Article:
The Islamic theologian Abû Hâmid al-Ghazâli (1059-1111) conferred supreme speculative status not to exoteric variants of the contemplative life—the mirroring quality of philosophical demonstrations as a guarantee of auctoritas—but rather to their esoteric counterparts: mystics who become true mirrors unto the Divine by emptying their minds of all speculation, as attested by their poetic visionarism. This paper begins with a reading of Al-Ghazali’s parable of the mirror and some of its re-creations in Islamic poetry and miniature, then explores the esoteric aspect of speculatio as an askêsis of love in a comparative East-West perspective. The writings of those engaged in this path of inner transmutation testify that mirroring is essentially a paradoxical reflexivity between visio and visus. The paper shows how all Fedeli d’Amore enact the process of speculatio in their writings, regardless of cultural and religious affiliations: from Nezami to Rumi, from Dante to Meister Eckhart.
Courtney Booker (University of British Columbia):
“The Dionysian Mirror of Louis the Pious”
While the various textual and pictorial mirrors of Louis the Pious’s highly self-conscious reign (814—840) have been well-studies, this paper investigates the one textual mirror Louis himself claimed as his own. After regaining the throne in 835 “thanks to the divine assistance of Saint Dionysius [= Denis],” as Louis explained, he commanded that a book be compiled with texts associated with the saint. This paper examines Louis’s final years (835-840) with this special Dionysian mirror and the cult of Saint Denis more generally in mind. That Louis turned to Denis shortly after the pope publicly abandoned him in 833, and would never again communicate with the pope, are all the more reason to look carefully at Louis’s newfound, pointedly saintly reflection and devotion. How did it differ from what he saw in those cracked, warped, or otherwise defective mirrors held up to him—-held up for him—-before?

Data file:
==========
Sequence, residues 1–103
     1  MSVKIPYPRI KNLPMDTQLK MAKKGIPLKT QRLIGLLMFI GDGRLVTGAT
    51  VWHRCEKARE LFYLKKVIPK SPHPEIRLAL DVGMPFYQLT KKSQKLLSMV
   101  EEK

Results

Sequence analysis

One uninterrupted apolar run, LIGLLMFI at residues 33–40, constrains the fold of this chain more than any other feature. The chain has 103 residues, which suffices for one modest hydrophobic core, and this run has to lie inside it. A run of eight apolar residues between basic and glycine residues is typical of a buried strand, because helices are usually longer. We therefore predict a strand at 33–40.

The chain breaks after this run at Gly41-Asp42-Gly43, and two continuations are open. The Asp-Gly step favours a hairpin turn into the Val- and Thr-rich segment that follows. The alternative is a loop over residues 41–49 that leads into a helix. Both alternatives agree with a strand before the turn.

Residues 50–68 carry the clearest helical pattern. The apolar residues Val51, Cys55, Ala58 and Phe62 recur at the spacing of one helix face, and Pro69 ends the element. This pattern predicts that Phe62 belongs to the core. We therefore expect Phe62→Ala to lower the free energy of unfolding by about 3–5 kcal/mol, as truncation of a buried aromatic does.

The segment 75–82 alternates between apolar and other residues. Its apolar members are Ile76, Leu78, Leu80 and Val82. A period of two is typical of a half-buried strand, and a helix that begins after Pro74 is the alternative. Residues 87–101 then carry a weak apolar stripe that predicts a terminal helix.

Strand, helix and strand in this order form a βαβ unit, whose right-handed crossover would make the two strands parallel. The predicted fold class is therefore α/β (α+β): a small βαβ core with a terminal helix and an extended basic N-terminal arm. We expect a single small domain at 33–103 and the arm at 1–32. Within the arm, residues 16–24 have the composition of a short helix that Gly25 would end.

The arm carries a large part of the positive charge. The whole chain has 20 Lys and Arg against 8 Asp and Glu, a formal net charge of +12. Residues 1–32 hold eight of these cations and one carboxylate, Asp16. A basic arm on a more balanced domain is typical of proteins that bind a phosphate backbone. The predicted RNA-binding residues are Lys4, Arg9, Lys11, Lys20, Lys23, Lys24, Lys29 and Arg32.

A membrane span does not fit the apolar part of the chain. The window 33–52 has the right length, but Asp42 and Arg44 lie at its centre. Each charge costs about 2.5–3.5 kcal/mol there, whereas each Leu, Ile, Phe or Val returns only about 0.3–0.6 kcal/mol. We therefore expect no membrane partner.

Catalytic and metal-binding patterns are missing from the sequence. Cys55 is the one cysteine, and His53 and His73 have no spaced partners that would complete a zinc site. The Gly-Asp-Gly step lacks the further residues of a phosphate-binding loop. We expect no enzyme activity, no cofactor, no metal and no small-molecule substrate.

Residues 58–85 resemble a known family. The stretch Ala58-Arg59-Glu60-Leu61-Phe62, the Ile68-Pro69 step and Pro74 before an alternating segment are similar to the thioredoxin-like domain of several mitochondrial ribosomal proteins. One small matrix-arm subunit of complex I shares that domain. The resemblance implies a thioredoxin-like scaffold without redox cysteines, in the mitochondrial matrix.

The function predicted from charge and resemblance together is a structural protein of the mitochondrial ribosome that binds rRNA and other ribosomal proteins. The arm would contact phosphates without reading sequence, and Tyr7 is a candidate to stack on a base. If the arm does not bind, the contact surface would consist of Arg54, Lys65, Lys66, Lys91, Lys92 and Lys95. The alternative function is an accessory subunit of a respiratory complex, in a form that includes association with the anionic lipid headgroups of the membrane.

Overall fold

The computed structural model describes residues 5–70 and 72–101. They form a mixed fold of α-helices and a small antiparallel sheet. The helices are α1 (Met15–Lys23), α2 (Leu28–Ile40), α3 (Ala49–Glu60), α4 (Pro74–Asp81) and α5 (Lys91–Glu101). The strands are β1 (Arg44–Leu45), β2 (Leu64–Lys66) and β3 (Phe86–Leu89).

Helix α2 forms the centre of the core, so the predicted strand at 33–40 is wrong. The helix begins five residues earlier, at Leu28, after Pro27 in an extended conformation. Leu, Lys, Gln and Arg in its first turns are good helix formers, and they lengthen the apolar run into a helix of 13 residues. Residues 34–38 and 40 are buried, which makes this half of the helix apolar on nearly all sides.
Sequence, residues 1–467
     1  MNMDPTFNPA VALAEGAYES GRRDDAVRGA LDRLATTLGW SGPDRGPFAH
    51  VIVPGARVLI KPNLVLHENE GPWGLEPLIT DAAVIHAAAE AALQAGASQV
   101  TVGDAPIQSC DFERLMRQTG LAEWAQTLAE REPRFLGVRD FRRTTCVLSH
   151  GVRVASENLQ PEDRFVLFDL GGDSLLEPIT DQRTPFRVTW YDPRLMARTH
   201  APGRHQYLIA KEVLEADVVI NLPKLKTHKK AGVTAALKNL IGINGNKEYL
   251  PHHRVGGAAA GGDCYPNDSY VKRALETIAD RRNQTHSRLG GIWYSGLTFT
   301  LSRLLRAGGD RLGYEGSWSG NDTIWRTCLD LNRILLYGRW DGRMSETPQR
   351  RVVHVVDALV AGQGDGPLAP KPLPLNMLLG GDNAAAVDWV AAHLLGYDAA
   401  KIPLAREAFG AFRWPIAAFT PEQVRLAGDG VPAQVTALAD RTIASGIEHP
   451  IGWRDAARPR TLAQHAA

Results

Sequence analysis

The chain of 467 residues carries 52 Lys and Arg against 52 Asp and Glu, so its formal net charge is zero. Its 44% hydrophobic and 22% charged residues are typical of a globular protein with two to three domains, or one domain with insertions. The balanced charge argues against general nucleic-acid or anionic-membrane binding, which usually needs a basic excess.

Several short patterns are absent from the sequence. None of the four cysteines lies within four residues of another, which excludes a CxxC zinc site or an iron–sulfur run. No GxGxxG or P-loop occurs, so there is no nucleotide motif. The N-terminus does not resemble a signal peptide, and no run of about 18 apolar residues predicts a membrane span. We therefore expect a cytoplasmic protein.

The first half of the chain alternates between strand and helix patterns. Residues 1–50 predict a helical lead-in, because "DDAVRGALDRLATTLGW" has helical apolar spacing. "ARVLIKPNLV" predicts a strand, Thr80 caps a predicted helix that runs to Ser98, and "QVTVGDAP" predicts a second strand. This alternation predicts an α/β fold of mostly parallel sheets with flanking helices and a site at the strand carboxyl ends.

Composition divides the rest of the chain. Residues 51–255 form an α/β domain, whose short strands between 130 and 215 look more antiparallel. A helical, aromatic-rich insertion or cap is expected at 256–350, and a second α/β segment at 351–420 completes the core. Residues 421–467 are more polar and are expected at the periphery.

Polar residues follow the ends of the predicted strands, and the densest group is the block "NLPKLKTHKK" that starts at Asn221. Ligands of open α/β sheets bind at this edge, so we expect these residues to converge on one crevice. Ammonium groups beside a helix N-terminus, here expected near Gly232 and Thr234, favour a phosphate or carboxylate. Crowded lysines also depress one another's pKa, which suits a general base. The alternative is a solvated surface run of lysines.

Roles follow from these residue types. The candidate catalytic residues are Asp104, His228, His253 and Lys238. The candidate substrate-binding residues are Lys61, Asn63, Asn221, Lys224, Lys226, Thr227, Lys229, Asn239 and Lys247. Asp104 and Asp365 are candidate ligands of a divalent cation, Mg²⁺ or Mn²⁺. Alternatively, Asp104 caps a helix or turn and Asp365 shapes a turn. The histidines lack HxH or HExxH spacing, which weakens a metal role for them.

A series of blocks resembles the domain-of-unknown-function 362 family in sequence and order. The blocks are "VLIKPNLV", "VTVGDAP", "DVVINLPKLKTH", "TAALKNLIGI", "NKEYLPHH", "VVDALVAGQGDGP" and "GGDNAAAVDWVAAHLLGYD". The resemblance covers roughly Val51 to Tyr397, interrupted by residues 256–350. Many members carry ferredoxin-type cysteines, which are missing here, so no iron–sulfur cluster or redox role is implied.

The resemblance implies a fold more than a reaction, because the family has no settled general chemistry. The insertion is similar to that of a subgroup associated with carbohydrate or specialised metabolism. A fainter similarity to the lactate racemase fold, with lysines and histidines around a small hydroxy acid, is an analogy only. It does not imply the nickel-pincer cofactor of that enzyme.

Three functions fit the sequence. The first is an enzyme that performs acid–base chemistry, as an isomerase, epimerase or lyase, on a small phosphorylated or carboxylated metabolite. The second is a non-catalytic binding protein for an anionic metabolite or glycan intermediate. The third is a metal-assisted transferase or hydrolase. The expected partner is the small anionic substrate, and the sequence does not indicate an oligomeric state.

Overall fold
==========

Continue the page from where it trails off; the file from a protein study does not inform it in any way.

Hélène Cazes (University of Victoria):
“Réflexions érasmiennes sur la poétique du reflet: le miroir de l’aveugle, le speculum de l’ingénieur et la géométrie de l’amitié”
Collection de commentaires et essais organisée autour d’adages anciens et modernes, l’oeuvre d’Érasme connue sous le titre Adagiorum Chiliades, commencée en 1508 et continuée jusques et après la mort de l’humaniste en 1536, est construite comme une galerie de miroirs: chaque adage y donne à lire un reflet de soi et un reflet du lecteur, tandis que le texte s’ouvre sur le thème de l’alter ego. Emprunt et appropriation de formules antiques pour une éthique moderne, d’expressions citées pour une définition de soi, les Adages tissent les traditions et y insèrent maints commentaires spéculaires sur ces mêmes traditions et sur la manière de s’y regarder. Dans ce regard porté sur le reflet de soi, le miroir apparaît comme l’emblème tant de la représentation que de l’élucidation: dans une éthique du dédoublement fondateur, Érasme propose une rêverie philologique sur le speculum, outil de l’examen de soi-même (réflexivité), de la connaissance du monde (spéculation) et de la reconnaissance de la similarité.
Tom Conley (Harvard University):
“Lyric and Luster: Mirrored Verse in Renaissance France”